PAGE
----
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U.S. Unemployment rate dips to 8.5% in December

Job gains occurred in manufacturing sector, transportation and warehousing, retail trade, health care, and mining.

A newly released report from the U.S. Department of Labor shows nonfarm payroll employment rose by 200,000 in December, bringing the unemployment down slightly to 8.5 percent. Employment in the private sector rose by 212,000 in December and by 1.9 million over the year. Government employment changed little over the month but fell by 280,000 over the year.

Following is a summary of how the various sectors performed:

  • Manufacturing employment expanded by 23,000, following four months of little change. Employment also increased in transportation equipment (+9,000), fabricated metals (+6,000), and machinery (+5,000) during December.
  • Retail trade continued to add jobs in December, with a gain of 28,000. Employment in the industry has increased by 240,000 over the past 12 months. Over the month, job gains continued in general merchandise stores (+13,000) and in clothing and clothing accessories stores (+11,000). Employment in sporting goods, hobby, book, and music stores fell by 10,000.
  • Mining employment rose by 7,000 over the month. Over the year, mining added89,000 jobs.
  • Meanwhile, health care added 23,000, with employment in hospitals increasing by 10,000. Over the year, health care employment has risen by 315,000.
  • Within leisure and hospitality, employment in food services and drinking places continued to trend up in December (+24,000). Over the year, food services and drinking places has added 230,000 jobs.
  • Construction employment changed little in December. Within the industry, nonresidential specialty trade contractors added 20,000 jobs over the month, mostly offsetting losses over the prior two months.
  • Employment in professional and business services changed little in December for the second month in a row. The industry added 42,000 jobs per month, on average, during the first 10 months of 2011.
  • Government employment changed little in December but was down by 280,000 over the year. Job losses in 2011 occurred in local government; state government, excluding education; and the U.S. Postal Service.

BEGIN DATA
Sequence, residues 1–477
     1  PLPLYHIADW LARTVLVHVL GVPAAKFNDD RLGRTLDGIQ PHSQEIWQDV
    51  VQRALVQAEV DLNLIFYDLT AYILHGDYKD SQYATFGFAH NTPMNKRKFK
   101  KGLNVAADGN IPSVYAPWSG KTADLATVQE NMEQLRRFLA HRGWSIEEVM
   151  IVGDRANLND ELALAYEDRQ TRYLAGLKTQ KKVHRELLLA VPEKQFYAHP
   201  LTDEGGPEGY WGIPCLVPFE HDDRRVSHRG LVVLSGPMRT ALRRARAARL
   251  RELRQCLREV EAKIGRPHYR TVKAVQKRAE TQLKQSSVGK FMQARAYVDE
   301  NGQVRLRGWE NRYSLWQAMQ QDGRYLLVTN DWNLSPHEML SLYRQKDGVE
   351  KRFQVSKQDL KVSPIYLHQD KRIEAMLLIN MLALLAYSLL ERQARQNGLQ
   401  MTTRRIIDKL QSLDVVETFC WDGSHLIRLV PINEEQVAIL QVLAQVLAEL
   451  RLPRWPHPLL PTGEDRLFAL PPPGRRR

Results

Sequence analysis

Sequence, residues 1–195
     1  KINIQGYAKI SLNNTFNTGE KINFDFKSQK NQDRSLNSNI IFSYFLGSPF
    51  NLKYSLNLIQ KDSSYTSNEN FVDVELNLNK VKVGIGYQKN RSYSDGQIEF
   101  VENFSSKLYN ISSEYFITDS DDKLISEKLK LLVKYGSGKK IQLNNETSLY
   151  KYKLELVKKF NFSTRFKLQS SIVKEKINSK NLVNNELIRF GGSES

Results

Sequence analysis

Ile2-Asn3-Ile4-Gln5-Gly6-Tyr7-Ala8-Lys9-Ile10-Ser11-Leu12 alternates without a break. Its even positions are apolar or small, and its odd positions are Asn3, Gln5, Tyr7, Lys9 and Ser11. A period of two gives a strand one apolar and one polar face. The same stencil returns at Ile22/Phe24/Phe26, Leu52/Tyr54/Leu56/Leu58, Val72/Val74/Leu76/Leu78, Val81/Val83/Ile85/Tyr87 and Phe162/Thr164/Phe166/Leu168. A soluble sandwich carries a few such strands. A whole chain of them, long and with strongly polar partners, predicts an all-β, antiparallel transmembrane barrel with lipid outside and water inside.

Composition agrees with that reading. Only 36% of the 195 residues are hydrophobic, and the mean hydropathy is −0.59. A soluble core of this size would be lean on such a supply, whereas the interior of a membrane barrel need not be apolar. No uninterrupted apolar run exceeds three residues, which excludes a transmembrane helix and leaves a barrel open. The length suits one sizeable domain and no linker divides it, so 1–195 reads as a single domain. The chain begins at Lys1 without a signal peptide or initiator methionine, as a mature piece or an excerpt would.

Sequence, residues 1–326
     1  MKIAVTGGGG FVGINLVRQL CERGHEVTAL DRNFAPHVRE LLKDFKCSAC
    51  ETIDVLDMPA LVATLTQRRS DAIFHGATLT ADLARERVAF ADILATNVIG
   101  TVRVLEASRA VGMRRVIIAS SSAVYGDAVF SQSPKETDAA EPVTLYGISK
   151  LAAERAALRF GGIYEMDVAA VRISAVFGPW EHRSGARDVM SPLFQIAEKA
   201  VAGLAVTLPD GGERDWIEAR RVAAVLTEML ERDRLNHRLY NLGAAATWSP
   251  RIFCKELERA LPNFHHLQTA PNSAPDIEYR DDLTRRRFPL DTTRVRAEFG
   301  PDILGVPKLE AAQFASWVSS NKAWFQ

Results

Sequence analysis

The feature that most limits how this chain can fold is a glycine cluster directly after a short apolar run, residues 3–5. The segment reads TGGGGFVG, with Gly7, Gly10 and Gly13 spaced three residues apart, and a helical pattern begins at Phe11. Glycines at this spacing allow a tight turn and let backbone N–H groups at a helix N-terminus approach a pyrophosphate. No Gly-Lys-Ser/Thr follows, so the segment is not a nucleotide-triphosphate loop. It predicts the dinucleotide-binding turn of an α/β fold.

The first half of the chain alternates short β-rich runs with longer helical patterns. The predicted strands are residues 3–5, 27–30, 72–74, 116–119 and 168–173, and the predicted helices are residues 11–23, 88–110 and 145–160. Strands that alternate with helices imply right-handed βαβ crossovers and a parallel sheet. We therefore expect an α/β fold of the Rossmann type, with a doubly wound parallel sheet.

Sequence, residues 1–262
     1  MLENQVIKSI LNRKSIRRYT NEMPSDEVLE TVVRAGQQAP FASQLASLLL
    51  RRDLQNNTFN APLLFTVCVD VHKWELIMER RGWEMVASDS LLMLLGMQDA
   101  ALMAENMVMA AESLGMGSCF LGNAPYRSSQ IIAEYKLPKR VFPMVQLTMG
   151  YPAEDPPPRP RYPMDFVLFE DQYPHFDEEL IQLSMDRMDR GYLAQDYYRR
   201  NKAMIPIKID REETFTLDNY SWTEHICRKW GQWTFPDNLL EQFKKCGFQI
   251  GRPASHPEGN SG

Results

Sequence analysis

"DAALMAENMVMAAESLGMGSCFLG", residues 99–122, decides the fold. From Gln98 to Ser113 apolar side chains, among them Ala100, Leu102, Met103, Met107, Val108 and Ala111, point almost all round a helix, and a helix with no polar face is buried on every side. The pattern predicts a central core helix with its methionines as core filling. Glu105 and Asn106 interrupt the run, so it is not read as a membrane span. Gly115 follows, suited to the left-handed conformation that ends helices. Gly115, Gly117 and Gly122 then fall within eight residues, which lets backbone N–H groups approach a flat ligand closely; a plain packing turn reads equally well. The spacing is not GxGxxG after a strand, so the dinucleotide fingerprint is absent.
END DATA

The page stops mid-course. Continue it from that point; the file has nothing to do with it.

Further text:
According to Alan Krueger, chairman of the White House Council of Economic Advisers, the ongoing reduction in the U.S. unemployment rate “provides further evidence that the economy is continuing to heal from the worst economic downturn since the Great Depression.” Still, he says, "It is critical that we continue the economic policies that are helping us to dig our way out of the deep hole that was caused by the recession that began at the end of 2007. Most importantly, we need to extend the payroll tax cut and continue to provide emergency unemployment benefits through the end of this year, and take other steps the president has proposed in the American Jobs Act.”

Some economists, including Dr. Ken Mayland, president of Pepper-Pike, Ohio-based ClearView Economics,  urge caution when dissecting the numbers. As he explains: "While the drop [in] the unemployment rate is welcomed, we are continuing to see this curious phenomenon of people of working age not participating in the labor force (+194,000) and dropping out of the labor force (-50,000). If we currently experienced the same participation rate as was seen in 2007, the unemployment rate would be about two percentage points higher."

Taking into account all the underemployment, Dr. Mayland noted, the "U-6" unemployment rate was 15.2% for December, but acknowledged that was down from 15.6% in November. On a positive note, "total household unemployment did rise by 176,000 in December." 

More encouraging news: The total advance in payroll employment included a 7,500 -person reduction in temporary help," hinting that employers were willing to make a more permanent commitment to hiring," Dr. Mayland surmised.   

The complete unemployment report for the month of December is available online.
 

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